Additional Calendars
Calendar Views
Conferences and Meetings
Law School
Special Events

ELEC Research Component of PhD Qualifier Exam by Priscila de Paula Silva

When: Thursday, February 23, 2023
11:00 AM - 1:00 PM
Where: Science & Engineering Building, Lester W. Cory Conference Room: Room 213A
Cost: Free

Location: Lester W. Cory Conference Room
Science & Engineering Building (SENG), Room 213A

Zoom Conference Link:
Meeting ID: 956 8521 9450 Passcode: 681791

Software intensive systems rely on checkpointing to prevent loss of computation, by performing periodic backups. Non-equidistant checkpointing strategies have been proposed for specialized hardware and software applications as well as specific failure distributions. However, a general method to identify a non-equidistant checkpointing strategy for an arbitrary combination of application and failure distribution would be beneficial. This thesis proposes an approach to identify a near optimal non-equidistant checkpointing strategy with a genetic algorithm, which only requires knowledge of the failure distribution. Experiments suggest that the approach consistently outperforms the traditional strategy of equidistant checkpoints under (i) a range of total processing times and (ii) different values of distributions exhibiting increasing, constant, and decreasing failure rates. Although many systems and processes are amenable to reliability modeling, researchers have also demonstrated interest in bringing a system back to its original performance after a deterioration, which is known as resilience engineering: the ability of a system to respond, absorb, adapt, and recover from a disruptive event. Several metrics to quantify resilience have been proposed in the literature. However, fewer studies have proposed models to predict the metrics. Hence, this thesis presents two alternative approaches to model and predict performance and resilience metrics, including (i) bathtub-shaped hazard functions and (ii) mixture distributions with techniques from reliability engineering. Historical data on job loss during recessions in the United States are used to assess the predictive accuracy of these approaches. The results suggest that both approaches can produce accurate predictions for several of the data sets well, but that data sets that experience a sudden drop in performance or deviate from the assumption of a single decrease and subsequent increase cannot be fit to either class of proposed models, necessitating additional modeling efforts that can effectively characterize these more general scenarios.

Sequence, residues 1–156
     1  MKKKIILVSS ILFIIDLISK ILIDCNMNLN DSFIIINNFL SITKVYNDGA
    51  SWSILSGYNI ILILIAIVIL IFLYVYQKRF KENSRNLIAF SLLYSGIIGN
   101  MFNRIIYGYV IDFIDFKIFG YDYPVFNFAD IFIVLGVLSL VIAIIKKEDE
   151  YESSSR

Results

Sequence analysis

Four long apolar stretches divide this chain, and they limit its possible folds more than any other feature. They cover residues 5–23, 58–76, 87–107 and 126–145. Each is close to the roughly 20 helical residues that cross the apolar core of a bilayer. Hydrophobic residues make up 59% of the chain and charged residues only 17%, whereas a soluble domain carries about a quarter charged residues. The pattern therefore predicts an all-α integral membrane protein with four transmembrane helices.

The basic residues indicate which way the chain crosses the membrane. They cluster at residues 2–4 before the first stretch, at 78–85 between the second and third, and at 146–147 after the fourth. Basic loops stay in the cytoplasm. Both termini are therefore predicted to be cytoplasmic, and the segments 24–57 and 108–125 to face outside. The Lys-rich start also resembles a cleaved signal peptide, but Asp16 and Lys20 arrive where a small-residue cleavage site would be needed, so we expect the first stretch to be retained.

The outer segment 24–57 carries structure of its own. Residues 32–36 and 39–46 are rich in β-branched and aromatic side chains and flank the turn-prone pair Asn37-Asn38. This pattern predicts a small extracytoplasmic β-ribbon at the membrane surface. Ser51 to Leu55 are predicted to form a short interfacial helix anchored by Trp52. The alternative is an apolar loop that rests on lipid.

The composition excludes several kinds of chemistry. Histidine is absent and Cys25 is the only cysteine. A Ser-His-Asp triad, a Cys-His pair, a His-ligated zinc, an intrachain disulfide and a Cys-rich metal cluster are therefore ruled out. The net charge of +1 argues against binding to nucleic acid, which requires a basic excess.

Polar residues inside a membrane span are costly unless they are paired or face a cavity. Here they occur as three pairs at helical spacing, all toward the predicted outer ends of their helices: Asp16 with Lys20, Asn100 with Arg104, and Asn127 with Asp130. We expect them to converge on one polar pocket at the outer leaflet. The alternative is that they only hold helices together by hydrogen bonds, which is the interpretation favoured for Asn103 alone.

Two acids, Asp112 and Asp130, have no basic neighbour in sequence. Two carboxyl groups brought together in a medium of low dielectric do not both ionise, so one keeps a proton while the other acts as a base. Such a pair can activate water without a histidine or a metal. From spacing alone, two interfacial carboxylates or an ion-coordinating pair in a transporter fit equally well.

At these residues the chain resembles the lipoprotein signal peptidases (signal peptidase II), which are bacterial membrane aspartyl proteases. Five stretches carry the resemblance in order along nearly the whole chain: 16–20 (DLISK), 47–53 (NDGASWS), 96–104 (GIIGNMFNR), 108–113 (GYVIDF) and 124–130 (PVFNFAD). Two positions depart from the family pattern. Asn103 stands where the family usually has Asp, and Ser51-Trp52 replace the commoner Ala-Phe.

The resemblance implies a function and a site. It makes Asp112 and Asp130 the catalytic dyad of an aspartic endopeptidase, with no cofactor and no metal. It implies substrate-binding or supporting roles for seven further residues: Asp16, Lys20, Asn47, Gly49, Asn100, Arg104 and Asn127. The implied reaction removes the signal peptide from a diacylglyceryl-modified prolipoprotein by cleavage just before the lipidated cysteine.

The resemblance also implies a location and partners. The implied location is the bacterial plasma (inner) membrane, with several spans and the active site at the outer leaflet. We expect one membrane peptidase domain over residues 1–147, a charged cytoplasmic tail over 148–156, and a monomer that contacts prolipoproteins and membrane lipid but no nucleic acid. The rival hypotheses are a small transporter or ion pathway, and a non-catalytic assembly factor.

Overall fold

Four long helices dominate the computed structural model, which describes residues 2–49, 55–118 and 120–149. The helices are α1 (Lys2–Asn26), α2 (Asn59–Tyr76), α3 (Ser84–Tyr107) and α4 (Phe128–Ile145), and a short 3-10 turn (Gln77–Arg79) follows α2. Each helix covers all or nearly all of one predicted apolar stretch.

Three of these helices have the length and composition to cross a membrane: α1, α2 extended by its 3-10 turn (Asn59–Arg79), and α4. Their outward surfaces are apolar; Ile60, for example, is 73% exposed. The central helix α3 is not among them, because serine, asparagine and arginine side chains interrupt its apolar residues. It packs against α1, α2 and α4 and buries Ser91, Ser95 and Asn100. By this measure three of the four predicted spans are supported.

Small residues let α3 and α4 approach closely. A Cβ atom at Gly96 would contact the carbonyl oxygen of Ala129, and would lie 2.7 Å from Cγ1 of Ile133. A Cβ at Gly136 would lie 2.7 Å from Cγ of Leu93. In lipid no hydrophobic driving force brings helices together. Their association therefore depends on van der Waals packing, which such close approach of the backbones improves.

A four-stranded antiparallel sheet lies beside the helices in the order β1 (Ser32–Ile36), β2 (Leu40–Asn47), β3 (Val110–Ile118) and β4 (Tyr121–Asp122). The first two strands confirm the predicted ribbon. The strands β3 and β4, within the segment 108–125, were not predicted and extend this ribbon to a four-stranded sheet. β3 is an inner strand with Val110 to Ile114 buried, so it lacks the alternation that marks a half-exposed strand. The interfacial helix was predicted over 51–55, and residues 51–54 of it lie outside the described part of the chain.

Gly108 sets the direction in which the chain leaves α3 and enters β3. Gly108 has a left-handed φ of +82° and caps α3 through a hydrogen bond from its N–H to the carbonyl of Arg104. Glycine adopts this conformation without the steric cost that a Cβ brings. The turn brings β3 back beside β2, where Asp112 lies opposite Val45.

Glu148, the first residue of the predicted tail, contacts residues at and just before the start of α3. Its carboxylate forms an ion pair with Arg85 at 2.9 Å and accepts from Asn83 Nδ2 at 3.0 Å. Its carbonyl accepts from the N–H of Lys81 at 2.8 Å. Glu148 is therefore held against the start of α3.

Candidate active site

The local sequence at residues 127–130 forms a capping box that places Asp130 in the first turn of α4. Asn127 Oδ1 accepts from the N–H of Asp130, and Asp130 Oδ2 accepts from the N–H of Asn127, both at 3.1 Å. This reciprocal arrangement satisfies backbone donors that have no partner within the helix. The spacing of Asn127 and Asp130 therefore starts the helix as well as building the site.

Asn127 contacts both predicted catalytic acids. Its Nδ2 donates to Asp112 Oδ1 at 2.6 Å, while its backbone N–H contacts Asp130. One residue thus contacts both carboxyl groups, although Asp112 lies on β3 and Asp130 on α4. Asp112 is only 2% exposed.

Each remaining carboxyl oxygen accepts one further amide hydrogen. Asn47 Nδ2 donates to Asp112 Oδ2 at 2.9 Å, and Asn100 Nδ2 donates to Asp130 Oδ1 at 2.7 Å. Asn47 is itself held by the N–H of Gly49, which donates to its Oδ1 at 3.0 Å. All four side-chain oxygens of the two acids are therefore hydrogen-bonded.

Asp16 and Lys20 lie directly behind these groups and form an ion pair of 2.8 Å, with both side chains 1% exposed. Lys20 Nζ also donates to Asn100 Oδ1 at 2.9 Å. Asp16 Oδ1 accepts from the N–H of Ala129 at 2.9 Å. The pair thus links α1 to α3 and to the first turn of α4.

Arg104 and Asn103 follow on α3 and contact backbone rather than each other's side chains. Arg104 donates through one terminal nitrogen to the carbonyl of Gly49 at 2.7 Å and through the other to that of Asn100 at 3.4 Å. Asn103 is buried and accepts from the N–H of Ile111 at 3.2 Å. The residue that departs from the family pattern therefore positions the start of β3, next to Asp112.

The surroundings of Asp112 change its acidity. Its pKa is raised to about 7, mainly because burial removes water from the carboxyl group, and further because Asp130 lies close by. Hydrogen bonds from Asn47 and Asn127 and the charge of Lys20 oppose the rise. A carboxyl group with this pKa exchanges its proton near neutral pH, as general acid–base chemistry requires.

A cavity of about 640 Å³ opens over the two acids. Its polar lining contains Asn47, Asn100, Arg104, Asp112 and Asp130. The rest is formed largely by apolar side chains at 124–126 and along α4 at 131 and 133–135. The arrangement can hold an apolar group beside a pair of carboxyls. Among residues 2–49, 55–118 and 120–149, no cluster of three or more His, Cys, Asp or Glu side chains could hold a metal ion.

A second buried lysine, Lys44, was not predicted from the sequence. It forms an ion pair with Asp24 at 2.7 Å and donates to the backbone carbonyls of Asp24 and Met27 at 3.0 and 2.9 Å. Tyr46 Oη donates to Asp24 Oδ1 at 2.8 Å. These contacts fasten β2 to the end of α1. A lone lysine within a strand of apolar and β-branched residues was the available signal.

Dr. Lance Fiondella, Associate Professor, Department of Electrical & Computer Engineering, UMASS Dartmouth

Committee Members:
Dr. Hong Liu, Professor, Department of Electrical & Computer Engineering, UMASS Dartmouth
Dr. Ruolin Zhou, Assistant Professor, Department of Electrical & Computer Engineering, UMASS Dartmouth

NOTE: All ECE Graduate Students are ENCOURAGED to attend.
All interested parties are invited to attend. Open to the public.

*For further information, please contact Dr. Yifei Li via email at
Topical Areas: General Public, University Community, College of Engineering, Electrical and Computer Engineering